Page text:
Each year, citizens take the month of February to honor the many achievements of African-Americans. As a former private sector businessman, educator, and now a public servant, I am grateful for the tremendous breakthroughs that African-American entrepreneurs, inventors and scholars have given to our nation and world. I would like to take this week's legislative column to recognize and highlight the many African-American role models we have in education and industry, as well as give local families some ideas on how to help bring this month alive for their children and grandchildren.
IN PURSUIT OF DR. KING'S DREAM: 48 YEARS LATER, TREMENDOUS PROGRESS MADE - BUT THERE ARE STILL MILES TO GO
In 1963, Dr. Martin Luther King Jr. spoke as a civil rights leader and as a father in his world famous "I Have A Dream" speech. Dr. King said, "We can never be satisfied as long as our children are stripped of their selfhood and robbed of their dignity by signs stating 'For Whites Only.' We cannot be satisfied as long as a Negro in Mississippi cannot vote and a Negro in New York believes he has nothing for which to vote." He also said, "I have a dream that my four little children will one day live in a nation where they will not be judged by the color of their skin but by the content of their character."
In the year 2011, our nation firmly believes that slavery and segregation were wrong and immoral as they systematically victimized our own citizens and prevented all Americans from realizing their inalienable rights to life, liberty and the pursuit of happiness. Civil rights leaders showed tremendous personal and moral courage, helping America keep its "eye on the prize." Despite our nation's impressive progress, each of us has a responsibility to continue working towards fulfilling Dr. King's dream of a nation that judges its citizens by the content of their character. Realizing this dream will result in an America that ensures every citizen can realize his or her full, God-given potential.
TODAY: AFRICAN AMERICANS HELPING SHAPE OUR WORLD
African Americans have truly made the world we live in today, helping Americans live longer lives, take advantage of technology and explore beyond our own planet. The following are just a few of many, many examples: Inventor Otis Boykin invented electronic control devices for IBM computers and the control unit for a pacemaker.
George Carruthers, a member of the National Inventor's Hall of Fame, invented the far ultraviolet electrographic camera, used in the 1972 Apollo 16 mission. Engineer Lonnie G. Johnson, worked for NASA, but is beloved by kids for one of his inventions: the "Super Soaker" water gun!
LOCAL CONNECTIONS TO FREDERICK DOUGLASS AND HARRIET TUBMAN
Our greater Rochester-Auburn community has a strong connection to two very well-known African American leaders: Frederick Douglass and Harriet Tubman. Douglass, who is buried in Rochester's Mount Hope Cemetery, was the great reformer, writer, speaker and statesman who emerged as a leader of the abolitionist movement and is widely considered one of America's foremost intellectuals. Harriet Tubman, who resided in Auburn, was a former slave who became an abolitionist of unimaginable courage and fortitude as one of the "conductors" of the Underground Railroad. Tubman made 13 trips to the South rescuing 70 slaves.
SPOTLIGHT ON UPSTATE - LOCAL AFRICAN AMERICANS LEADING THE WAY
Central and Western New York are fortunate to be home to many prominent African-Americans in the fields of math and science. As a former business owner who stared successful manufacturing companies, I know firsthand that a strong education is the key to a quality job. Luckily, we have many good role models in our own community. Here are just two: In 2005, Rochester native Professor Jonathan David Farley was named a "Science Fellow" of Stanford University's Center for International Security. Dr. Farley was the 2004 recipient of the Harvard Foundation's Distinguished Scientist Award, a medal presented for "outstanding achievements and contributions in the field of mathematics." According to US Black Engineer Magazine, in 2004, University of Buffalo professor Scott Williams was selected one of "The 50 Most Important Blacks in Research Science."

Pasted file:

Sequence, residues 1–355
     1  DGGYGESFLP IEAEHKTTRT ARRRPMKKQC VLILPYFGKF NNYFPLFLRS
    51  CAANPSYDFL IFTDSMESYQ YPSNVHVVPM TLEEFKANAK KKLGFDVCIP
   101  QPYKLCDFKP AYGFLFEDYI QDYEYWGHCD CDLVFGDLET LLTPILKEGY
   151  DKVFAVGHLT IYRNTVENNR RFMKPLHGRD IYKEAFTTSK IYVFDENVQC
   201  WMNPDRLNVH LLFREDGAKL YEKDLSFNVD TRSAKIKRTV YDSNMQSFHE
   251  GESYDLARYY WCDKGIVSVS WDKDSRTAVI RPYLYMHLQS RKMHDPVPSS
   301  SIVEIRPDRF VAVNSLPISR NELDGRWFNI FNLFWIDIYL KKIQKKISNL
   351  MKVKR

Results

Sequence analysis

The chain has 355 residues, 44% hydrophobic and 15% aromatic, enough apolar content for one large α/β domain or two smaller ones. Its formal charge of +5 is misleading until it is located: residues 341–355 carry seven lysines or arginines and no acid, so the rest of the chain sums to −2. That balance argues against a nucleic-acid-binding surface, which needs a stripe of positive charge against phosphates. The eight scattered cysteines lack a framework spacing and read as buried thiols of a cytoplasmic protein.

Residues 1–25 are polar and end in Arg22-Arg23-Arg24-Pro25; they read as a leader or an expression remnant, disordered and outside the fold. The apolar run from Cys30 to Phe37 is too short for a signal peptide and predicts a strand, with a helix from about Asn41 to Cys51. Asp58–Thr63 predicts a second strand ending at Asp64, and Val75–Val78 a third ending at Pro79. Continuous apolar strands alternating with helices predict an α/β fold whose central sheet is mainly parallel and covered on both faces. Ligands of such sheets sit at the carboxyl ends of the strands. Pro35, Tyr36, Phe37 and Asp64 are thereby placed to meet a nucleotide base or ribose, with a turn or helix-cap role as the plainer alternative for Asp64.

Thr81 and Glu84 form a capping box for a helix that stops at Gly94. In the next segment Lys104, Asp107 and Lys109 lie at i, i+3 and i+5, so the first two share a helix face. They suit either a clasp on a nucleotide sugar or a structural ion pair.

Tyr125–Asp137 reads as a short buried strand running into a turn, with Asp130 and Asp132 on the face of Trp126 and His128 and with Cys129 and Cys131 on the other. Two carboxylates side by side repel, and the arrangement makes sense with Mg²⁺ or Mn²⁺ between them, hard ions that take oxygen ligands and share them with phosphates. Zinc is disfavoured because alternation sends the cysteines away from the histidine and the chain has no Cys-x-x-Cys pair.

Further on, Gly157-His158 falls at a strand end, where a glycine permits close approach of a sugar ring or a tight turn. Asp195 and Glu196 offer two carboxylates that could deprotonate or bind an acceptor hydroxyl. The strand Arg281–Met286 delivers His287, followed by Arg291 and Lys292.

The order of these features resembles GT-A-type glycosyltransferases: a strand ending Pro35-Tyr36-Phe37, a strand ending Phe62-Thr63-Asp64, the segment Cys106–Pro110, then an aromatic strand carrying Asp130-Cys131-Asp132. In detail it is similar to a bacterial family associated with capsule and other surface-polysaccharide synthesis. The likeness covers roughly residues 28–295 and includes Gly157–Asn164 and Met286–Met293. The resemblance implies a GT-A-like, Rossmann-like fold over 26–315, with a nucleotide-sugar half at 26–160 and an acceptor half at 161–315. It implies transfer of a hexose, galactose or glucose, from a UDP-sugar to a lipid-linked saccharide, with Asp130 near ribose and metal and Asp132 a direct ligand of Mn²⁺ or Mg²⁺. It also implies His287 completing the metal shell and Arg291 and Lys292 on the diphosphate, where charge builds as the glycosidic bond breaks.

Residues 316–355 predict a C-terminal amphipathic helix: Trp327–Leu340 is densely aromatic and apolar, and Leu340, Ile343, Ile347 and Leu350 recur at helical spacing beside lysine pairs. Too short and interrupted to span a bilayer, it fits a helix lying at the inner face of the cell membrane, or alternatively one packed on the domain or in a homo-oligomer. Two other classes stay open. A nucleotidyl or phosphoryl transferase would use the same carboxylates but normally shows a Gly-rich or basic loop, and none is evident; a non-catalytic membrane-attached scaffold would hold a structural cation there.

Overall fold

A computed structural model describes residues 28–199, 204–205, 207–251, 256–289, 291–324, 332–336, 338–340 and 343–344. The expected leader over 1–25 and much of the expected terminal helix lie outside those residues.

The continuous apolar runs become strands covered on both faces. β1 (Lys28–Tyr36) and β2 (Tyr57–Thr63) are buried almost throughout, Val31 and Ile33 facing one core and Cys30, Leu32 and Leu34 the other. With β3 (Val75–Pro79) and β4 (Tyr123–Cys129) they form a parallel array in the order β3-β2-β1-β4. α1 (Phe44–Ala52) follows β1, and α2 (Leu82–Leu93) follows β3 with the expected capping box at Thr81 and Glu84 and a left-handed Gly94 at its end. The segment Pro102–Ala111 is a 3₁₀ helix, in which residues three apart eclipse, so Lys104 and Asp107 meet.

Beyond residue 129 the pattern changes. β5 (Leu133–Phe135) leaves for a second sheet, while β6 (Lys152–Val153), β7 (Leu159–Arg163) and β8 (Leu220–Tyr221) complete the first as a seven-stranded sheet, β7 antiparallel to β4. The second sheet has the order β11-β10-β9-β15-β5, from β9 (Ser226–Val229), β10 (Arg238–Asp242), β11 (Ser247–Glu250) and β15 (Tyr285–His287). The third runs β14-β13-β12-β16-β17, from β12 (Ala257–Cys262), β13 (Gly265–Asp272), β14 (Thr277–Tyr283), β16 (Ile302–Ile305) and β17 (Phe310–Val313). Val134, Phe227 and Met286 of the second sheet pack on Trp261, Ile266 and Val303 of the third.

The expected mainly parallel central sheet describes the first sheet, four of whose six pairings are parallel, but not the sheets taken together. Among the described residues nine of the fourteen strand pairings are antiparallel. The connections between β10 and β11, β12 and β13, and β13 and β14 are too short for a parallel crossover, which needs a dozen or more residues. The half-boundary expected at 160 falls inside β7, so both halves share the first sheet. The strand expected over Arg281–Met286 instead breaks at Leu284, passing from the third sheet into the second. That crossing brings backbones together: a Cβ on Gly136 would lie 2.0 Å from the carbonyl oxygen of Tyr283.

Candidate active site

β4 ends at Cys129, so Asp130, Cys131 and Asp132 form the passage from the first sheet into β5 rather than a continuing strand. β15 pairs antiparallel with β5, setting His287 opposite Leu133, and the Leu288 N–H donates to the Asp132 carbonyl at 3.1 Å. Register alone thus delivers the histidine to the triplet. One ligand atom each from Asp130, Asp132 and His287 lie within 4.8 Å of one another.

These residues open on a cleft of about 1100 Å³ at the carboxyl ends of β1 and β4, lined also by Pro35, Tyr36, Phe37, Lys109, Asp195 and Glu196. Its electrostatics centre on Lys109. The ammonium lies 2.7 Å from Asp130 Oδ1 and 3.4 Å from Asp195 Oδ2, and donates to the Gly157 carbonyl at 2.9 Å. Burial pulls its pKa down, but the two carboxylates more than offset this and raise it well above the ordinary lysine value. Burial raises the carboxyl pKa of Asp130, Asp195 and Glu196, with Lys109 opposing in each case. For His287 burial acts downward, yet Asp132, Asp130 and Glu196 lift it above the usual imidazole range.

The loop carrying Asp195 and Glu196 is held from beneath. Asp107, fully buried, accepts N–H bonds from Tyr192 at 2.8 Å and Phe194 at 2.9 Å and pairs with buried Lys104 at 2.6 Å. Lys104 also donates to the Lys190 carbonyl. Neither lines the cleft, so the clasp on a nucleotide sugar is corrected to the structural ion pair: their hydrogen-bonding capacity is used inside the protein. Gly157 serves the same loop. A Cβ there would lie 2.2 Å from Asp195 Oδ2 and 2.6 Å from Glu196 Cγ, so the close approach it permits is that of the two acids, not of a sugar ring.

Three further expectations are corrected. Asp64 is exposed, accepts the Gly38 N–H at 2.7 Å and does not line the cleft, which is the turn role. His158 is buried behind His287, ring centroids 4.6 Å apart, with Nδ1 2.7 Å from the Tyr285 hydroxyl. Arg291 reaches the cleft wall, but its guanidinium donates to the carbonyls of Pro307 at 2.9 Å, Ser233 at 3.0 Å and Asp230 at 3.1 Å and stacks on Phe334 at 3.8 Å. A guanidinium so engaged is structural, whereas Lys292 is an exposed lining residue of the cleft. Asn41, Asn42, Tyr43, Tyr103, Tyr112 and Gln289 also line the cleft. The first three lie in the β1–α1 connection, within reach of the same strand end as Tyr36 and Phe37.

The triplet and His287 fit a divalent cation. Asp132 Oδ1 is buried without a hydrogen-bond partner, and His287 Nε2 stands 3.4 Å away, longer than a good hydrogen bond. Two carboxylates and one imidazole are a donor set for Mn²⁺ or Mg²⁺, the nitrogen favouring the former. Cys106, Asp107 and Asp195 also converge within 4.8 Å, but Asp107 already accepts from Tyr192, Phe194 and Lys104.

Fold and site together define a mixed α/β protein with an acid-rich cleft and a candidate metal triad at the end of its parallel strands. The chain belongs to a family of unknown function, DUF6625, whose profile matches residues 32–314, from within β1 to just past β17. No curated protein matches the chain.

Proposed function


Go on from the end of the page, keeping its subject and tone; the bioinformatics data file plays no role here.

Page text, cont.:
LEARN ABOUT BLACK HISTORY IN OUR OWN BACKYARD
New York stood at the forefront of the anti-slavery movement, and learning more about the Underground Railroad is a great way to learn about New York's black history. Visit the "Flight to Freedom" interactive exhibition at the Rochester Museum and Science Center or the Harriet Tubman Home in Auburn to learn more about Upstate New York's role in the Underground Railroad. Additionally, Rochester's Memorial Art Gallery is hosting a Black History Month Family Day on Feb. 27, with family art activities, music and dance performances, tours and storytelling. In Syracuse, the Onondaga Historical Association Museum is displaying photographs, documents and oral histories collected by the Black History Preservation Project in the "Community Collections" exhibit. All of these are wonderful activities for the entire family!
Upstate New Yorkers are fortunate to have such a strong connection to Black History. Many of our forefathers stood up for what was right and supported the abolitionist movement. Our current communities are home to many inspiring African-American role models in all walks of life. February as Black History Month provides an excellent opportunity for each of us to learn more about New York State's history and feel a special sense of pride in the pioneering achievements of African American New Yorkers.
As always, constituents wishing to discuss this topic, or any other state-related matter should contact my district office at (315) 781-2030, or e-mail me at firstname.lastname@example.org. You can also follow me on Facebook and Twitter for the latest news and informational updates regarding state government and our Assembly Minority Conference.